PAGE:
What exactly are we entrusting to the cloud this International Data Centre Day?

What exactly are we entrusting to the cloud this International Data Centre Day?

March 20th marks International Data Centre Day, a time to reflect on the significance of data infrastructure in our increasingly digitised world. This year’s theme, “Adopt a School,” urges big businesses to ‘get down with the kids’ and encourage the youth of today to dip their toe into the data centre industry.

While the focus on inspiring future talent is crucial, the need to educate them on the unwritten rules of data privacy and trust is equally (if not more) important.

Gen Z’s: Tech-savvy, or too trusting?

Today’s youngsters are undeniably tech-savvy, but new McKinsey research reveals that they’re actually more likely to take risks online, giving away far more than they perhaps intend to. A lack of questioning and skimming past the obligatory small print is, inadvertently, aiding e-commerce giants in their pursuit of personalised marketing strategies, and it’s putting their data on the line.

The personalisation paradox

While it’s true (for the most part) that data-driven personalisation enhances the user’s experience, it walks a fine line between convenience and intrusion. The modern consumer increasingly demands control over how their data is utilised, and any sense of broken trust can lead to decreased customer loyalty and damaged reputations.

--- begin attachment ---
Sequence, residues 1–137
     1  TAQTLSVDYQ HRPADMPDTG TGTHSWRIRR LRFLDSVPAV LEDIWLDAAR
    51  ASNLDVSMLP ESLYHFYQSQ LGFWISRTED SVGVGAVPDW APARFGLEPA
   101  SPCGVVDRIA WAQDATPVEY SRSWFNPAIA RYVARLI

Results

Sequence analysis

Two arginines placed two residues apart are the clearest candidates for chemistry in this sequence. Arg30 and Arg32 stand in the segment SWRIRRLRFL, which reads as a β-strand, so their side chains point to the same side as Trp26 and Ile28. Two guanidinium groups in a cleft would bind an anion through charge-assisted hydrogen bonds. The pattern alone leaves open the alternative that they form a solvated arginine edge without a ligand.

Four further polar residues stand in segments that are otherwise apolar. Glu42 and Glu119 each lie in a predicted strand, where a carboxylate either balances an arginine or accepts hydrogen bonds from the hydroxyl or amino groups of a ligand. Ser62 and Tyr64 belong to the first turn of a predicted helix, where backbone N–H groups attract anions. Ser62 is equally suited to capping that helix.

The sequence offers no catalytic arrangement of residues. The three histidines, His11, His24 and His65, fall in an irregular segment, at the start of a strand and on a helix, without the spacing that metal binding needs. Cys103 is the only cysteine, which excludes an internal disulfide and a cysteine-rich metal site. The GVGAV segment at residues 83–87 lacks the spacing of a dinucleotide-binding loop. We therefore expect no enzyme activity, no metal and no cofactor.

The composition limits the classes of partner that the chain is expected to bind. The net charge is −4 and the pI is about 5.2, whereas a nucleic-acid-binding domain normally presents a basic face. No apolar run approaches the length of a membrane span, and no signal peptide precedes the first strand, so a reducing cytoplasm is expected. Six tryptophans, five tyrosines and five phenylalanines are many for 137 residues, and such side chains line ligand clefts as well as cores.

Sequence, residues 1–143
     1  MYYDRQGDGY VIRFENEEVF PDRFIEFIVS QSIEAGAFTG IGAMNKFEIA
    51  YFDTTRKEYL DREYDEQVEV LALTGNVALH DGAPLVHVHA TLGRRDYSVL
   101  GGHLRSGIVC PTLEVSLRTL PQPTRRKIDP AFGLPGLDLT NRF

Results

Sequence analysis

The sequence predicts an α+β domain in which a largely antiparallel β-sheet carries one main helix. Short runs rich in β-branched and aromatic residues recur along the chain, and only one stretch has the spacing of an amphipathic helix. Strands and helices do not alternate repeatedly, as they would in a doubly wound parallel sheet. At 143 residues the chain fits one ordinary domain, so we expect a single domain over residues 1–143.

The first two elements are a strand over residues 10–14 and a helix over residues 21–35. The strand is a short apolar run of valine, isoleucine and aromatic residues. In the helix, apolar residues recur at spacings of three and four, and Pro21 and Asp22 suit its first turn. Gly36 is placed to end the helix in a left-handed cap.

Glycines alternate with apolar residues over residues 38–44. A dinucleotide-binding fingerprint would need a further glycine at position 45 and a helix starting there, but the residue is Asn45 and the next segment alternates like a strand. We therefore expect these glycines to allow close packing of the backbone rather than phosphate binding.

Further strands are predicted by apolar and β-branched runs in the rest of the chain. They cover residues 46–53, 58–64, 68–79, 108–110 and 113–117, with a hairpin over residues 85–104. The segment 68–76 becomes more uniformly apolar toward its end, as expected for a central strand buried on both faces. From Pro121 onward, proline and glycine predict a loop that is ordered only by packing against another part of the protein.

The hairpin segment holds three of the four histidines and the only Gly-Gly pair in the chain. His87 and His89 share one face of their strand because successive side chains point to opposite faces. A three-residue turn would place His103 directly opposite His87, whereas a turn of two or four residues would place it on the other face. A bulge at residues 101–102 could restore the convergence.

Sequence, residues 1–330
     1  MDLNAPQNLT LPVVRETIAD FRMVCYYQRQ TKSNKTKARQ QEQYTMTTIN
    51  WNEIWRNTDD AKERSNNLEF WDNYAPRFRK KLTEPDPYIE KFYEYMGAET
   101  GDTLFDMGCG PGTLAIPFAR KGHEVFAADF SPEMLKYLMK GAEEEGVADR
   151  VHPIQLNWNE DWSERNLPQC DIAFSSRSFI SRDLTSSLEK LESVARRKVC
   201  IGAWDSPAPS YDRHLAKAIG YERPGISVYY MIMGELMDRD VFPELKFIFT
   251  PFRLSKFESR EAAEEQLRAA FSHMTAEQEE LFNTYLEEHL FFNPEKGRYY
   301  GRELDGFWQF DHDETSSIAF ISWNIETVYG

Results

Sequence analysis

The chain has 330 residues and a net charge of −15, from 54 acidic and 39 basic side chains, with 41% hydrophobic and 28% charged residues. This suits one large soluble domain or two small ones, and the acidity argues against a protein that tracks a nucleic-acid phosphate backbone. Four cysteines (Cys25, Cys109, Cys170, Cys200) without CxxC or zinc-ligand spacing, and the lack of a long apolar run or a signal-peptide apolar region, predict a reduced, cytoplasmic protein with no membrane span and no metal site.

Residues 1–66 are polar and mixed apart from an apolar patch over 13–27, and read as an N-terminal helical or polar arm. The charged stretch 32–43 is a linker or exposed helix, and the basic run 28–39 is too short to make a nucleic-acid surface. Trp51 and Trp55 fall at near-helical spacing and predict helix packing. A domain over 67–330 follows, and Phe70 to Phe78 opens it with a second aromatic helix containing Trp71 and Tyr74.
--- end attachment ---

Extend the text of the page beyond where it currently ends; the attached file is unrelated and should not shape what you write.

Businesses that demonstrate they’re genuinely protecting their customers and taking a more transparent approach to insights gathering are more likely to benefit long-term. And as Gen Z’s buying power accumulates, brands that are clear on exactly what their customers are entrusting to the cloud (and the thousands of servers sitting in data centres) are more likely to be crowned the true leaders of CX.

Working towards a data-driven generation

Data trust sits at the heart of everything we develop at InAcademia. So, in the spirit of International Data Centre Day and ‘focusing on the future’, we strongly believe in giving pupils a well-rounded view of data sharing – educating them on the good, the bad, and the ugly. Especially if the industry is seeking to explicitly address the younger generation.   InAcademia supports the ability of users to only share that information they need to share and not open the doors to oversharing.

Hyperscalers are a part of life – in fact, we depend upon them, and this dependency will only grow with time. Let’s embrace this as responsibly as possible and find new ways to protect our young people, brand reputations and, ultimately, the details we’re apparently willing to share so haphazardly.


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